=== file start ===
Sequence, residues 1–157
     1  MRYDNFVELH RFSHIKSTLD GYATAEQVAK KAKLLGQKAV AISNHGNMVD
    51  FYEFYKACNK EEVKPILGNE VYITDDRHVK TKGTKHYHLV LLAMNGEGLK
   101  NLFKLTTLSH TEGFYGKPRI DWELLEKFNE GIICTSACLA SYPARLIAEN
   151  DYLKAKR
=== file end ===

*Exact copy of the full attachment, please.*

Sequence, residues 1–157
     1  MRYDNFVELH RFSHIKSTLD GYATAEQVAK KAKLLGQKAV AISNHGNMVD
    51  FYEFYKACNK EEVKPILGNE VYITDDRHVK TKGTKHYHLV LLAMNGEGLK
   101  NLFKLTTLSH TEGFYGKPRI DWELLEKFNE GIICTSACLA SYPARLIAEN
   151  DYLKAKR